Working with personality disorders and severe personality disorders at Trauma Recovery Institute using a unique combination of transference focused psychotherapy and our dynamic psychosocialsomatic psychotherapy

//Working with personality disorders and severe personality disorders at Trauma Recovery Institute using a unique combination of transference focused psychotherapy and our dynamic psychosocialsomatic psychotherapy

Working with personality disorders and severe personality disorders at Trauma Recovery Institute using a unique combination of transference focused psychotherapy and our dynamic psychosocialsomatic psychotherapy

Personality disorder, as a term, may sound negative and judgmental and it is important to have a clear understanding with our patients of the meaning of the term. We explain that there is a group of disorders in the DSM-V, six of them to be specific, that are thought to be long-term and enduring, in contrast to episodic, personality styles that at their core are defined by difficulties in the person’s subjective, internal sense of identity, and chronic difficulties in his or her interpersonal relationships. It is noteworthy that the DSM-V description of personality disorders includes this emphasis on sense of self and relations with others more than the previous editions of the DSM did. These different styles have many overlapping features and most people have a mixture of those styles, but most importantly, that when people personify and live out any of those styles with a certain consistency, inflexibility, and in such a way that causes a certain level of distress in one’s emotional and interpersonal life, they meet criteria for a personality disorder.

Personality, the concept of personality refers to the dynamic integration of a person's subjective experience and behaviour including 1) conscious concrete and habitual behaviour, 2) conscious experiences of self and the surrounding world, 3) conscious explicit psychic thinking, cognitive processes and habitual desires and fears, 4) unconscious behavioural patterns , experiences, views and intentional states. Personality is a dynamic integration in so far as it implies an organised integrated association of multiple traits and experiences that influence each other. In this regard personality represents a much more complex and sophisticated entity than simply the sum of all its component features. In view of that, any current system of understanding and clinically addressing a personality disorder will necessarily be a simplification. Further progress in effectively treating personality disorders requires attention to both the intrapsychic and neurobiological aspects of the condition. Otto Kernberg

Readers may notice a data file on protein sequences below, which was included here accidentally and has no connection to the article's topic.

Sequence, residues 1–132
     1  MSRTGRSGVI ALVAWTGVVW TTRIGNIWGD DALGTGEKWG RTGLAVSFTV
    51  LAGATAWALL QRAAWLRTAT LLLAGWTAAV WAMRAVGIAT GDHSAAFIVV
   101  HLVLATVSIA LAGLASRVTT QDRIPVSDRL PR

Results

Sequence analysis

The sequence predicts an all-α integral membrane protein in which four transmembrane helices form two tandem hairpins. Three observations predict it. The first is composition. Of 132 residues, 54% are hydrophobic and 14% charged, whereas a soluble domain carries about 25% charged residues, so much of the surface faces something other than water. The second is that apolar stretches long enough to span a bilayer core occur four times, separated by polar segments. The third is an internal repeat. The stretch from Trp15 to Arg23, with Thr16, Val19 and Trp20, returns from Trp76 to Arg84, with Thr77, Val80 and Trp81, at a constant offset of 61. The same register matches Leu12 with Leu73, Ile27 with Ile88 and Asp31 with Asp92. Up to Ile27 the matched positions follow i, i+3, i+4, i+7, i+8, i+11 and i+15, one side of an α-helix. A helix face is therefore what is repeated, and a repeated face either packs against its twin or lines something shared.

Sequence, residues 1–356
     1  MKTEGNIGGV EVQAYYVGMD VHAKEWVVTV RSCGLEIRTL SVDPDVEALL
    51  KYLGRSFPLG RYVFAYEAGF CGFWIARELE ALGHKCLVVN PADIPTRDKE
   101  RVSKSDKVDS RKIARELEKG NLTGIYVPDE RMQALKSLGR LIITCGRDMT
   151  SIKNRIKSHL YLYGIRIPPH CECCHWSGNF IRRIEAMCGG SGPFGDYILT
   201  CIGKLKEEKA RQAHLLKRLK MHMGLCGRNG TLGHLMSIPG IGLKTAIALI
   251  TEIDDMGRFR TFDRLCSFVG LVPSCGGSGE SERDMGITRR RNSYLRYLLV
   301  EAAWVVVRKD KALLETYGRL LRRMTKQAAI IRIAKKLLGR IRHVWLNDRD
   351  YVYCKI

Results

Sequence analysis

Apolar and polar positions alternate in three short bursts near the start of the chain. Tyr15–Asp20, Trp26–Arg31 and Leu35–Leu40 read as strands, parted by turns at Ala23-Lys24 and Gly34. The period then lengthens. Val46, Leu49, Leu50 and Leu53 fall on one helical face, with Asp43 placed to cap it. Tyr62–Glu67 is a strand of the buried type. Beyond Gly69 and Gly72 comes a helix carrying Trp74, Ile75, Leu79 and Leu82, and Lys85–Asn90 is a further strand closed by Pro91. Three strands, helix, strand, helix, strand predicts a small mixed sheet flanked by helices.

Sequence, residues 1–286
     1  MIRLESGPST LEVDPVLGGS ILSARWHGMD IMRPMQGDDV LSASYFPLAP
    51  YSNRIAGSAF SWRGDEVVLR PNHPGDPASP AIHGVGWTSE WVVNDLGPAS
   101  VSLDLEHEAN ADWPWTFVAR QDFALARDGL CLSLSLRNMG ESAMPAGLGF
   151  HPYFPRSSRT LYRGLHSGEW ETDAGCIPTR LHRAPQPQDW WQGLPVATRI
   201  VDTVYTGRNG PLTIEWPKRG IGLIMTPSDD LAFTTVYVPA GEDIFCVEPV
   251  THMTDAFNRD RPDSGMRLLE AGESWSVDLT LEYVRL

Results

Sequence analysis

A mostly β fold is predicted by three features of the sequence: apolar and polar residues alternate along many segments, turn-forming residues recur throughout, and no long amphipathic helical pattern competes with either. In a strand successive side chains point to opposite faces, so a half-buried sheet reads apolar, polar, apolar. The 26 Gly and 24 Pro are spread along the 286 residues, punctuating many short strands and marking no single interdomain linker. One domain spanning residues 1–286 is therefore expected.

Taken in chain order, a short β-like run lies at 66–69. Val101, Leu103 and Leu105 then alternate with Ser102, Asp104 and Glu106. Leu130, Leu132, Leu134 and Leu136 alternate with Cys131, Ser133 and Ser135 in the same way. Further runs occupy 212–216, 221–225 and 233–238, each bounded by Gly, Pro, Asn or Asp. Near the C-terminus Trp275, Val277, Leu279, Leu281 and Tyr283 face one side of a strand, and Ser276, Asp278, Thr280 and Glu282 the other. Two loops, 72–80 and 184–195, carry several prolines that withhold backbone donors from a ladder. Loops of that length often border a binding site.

Narcissistic Personality Disorder (NPD)

Otto Kernberg’s description of the pathological narcissistic individual centers around a set of paradoxes: self-inflation existing alongside a limitless need for praise, a charming and engaging surface covering a ruthless interior, and a persona of self-sufficiency defending against underlying feelings of intense envy . For Kernberg, the diagnosis of the narcissistic character also depends on the quality of the person’s object relations and the pattern of his or her intrapsychic defenses. Narcissistic individuals experience their relationships with others as exploitative and parasitic. They divide the world between those who contain something that they can extract and those who do not. They distinguish between extraordinary people on the one hand - in association with whom narcissistic individuals experience a sense of greatness themselves - and mediocre or worthless people on the other. Narcissistic individuals idealize the former and are contemptuous of the latter. Yet those they idealize they also fear, as they project onto them their own exploitative wishes and experience them as potentially attacking and coercive. They thus are unable to rely on any object and fear dependence on another person, rendering all their object relations empty and dissatisfying.

Like the borderline character, Kernberg’s narcissistic individual uses primitive defenses of devaluation, projective identification, omnipotence, and primitive idealization in his or her efforts to preserve self-esteem and self-coherence and to combat the intense feelings of envy and rage that threaten to undermine them. The narcissistic individual is distinguished from the borderline individual by his or her sense of object constancy, better impulse control, and better social and professional functioning, although these too may be fragile and hollow beneath a surface of apparent solidity. Although splitting as a defense is found in narcissistic pathology, its use is less prominent than in borderline pathology.